When you are doing JMX performance monitoring, you’ll also want to determine how well the database is performing. See if there are any potential bottlenecks. To ensure that your response time remains in the threshold, see how often users check for availability and query your database. It’s equally essential to monitor each transaction.

Look for transactions or processes that are using too many of your JVM resources. That might result in a slow down or problems with the database connection pool, transaction response time, or thread pool. See how healthy your hardware and components are, and you should also keep an eye on the virtual infrastructure and your underlying operating systems. If the system or hardware has a failure or fault, the JMX performance can be negatively impacted. 

Choosing the Right Tool

The right tool makes it much easier to keep an eye on your IT environment’s applications. Look for a comprehensive tool that has multiple functions, which will make your job easier. It should allow you to view the performance the way your end-users see it, so you can ensure they get a good experience. Some tools might come with templates, so you don’t have to spend much time setting them up. It’s best to get a tool that sends you alerts before your application gets to a critical stage. With some tools, you can create custom alerts. Once the metrics reach the threshold set by you, you can receive an alert. The right tool should offer information on the hardware availability, JVM, resources, and the performance history of each.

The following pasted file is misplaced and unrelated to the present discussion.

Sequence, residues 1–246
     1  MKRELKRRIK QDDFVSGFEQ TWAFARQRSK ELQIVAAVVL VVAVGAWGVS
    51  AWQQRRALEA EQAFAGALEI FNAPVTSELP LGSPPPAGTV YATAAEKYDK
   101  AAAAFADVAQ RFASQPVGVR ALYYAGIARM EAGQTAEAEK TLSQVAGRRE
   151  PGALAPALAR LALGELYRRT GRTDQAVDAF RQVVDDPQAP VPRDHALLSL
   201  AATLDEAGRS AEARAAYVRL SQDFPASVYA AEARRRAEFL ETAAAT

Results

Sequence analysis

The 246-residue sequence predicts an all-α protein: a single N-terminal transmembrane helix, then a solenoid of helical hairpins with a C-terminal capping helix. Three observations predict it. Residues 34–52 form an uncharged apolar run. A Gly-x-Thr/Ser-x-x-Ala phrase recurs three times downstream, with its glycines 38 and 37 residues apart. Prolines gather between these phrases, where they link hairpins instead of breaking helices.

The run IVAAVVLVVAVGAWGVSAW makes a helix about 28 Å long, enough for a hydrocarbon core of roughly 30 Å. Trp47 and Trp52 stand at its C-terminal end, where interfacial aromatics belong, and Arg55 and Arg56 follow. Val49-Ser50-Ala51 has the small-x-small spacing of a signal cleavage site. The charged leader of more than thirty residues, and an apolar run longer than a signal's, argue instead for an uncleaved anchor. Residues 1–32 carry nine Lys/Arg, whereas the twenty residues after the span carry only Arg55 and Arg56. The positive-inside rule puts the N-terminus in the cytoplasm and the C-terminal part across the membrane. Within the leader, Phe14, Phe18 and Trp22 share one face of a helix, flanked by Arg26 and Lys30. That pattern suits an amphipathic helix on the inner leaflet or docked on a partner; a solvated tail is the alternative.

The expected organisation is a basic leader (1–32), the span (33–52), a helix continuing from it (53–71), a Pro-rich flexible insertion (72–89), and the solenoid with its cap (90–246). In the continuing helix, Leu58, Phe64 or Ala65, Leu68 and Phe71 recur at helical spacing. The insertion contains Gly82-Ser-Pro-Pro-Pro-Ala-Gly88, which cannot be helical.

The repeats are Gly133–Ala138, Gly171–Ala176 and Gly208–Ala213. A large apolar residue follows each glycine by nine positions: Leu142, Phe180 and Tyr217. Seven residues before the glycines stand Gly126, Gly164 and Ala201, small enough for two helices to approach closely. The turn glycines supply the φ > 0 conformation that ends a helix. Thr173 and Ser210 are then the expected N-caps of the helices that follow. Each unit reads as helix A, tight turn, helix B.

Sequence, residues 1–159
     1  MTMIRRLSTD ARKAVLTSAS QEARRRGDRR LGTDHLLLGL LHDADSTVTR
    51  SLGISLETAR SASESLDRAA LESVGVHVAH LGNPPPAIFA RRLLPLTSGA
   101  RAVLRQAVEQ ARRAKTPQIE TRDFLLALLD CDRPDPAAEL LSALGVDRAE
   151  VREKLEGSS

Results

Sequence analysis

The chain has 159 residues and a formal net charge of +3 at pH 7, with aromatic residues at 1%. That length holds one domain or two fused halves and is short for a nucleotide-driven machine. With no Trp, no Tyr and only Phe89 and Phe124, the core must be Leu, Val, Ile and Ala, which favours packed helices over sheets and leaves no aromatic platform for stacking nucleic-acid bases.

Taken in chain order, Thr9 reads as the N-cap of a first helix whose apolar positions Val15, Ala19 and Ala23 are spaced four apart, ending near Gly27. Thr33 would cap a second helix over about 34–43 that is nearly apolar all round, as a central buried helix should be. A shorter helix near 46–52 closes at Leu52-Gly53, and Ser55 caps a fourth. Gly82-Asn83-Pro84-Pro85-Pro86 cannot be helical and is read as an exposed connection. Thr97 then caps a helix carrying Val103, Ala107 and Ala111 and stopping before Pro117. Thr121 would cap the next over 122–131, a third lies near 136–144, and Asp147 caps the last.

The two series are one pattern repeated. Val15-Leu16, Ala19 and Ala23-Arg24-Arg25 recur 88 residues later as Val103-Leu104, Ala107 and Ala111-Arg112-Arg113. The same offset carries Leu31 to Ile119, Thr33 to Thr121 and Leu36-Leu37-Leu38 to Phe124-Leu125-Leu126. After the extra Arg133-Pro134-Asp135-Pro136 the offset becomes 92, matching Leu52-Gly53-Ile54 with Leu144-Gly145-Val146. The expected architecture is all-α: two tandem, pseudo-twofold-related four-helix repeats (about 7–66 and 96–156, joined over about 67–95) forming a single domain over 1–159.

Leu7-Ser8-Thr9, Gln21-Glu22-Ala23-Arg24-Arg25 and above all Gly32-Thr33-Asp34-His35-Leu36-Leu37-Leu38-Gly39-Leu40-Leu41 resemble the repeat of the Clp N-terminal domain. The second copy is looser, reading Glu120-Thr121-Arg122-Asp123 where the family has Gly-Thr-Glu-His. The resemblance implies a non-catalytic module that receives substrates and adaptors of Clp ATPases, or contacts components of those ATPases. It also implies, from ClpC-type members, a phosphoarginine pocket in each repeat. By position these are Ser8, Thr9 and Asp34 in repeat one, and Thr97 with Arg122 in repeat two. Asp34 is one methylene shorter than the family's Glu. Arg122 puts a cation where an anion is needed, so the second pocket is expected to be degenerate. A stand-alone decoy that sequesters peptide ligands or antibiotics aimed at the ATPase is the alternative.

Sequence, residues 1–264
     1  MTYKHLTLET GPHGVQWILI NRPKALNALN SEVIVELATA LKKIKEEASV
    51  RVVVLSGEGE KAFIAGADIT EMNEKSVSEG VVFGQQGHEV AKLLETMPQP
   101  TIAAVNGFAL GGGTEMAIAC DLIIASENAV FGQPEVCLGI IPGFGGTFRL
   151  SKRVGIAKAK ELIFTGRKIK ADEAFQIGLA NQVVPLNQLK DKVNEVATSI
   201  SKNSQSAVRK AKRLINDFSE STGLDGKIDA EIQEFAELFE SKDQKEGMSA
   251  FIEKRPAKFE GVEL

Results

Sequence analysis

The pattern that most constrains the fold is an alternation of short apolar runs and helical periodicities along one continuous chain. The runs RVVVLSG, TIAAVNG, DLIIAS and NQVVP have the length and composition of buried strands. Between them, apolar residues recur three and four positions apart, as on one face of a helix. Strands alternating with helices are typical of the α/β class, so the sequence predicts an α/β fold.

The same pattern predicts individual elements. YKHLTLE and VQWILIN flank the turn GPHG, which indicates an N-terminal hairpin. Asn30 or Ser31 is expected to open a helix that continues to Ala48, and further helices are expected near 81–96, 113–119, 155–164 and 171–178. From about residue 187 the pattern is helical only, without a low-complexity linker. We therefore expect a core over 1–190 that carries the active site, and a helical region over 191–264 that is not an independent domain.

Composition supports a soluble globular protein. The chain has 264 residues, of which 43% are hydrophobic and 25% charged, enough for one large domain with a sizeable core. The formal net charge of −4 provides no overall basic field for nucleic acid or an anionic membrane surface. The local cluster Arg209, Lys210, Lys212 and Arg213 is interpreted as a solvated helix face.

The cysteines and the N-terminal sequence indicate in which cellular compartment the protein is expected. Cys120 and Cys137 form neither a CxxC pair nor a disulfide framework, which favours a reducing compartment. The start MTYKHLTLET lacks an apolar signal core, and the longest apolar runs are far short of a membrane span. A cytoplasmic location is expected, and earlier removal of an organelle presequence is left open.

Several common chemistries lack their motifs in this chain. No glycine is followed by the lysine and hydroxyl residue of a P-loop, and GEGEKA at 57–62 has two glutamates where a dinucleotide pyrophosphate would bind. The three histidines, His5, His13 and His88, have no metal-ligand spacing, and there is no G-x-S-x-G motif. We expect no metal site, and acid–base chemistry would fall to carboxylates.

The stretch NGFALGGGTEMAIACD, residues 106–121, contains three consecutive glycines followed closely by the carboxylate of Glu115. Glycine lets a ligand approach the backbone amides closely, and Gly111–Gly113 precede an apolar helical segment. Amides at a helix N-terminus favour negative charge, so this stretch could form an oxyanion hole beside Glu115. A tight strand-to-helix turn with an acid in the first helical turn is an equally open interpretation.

You’ll want a tool that allows you to monitor JVM where you have JMX running. Then you can get better visibility into how well the JVM is performing so you can see if anything is lacking. You can also look for any dependencies and monitor CPU resources, allowing you to find bottlenecks that might happen during transactions. That way, you can see how your CPU is being used. The right tool should also let you find memory leaks and maintain the health of the JMVs since you should get notifications about the most critical metrics, like response time and garbage collection.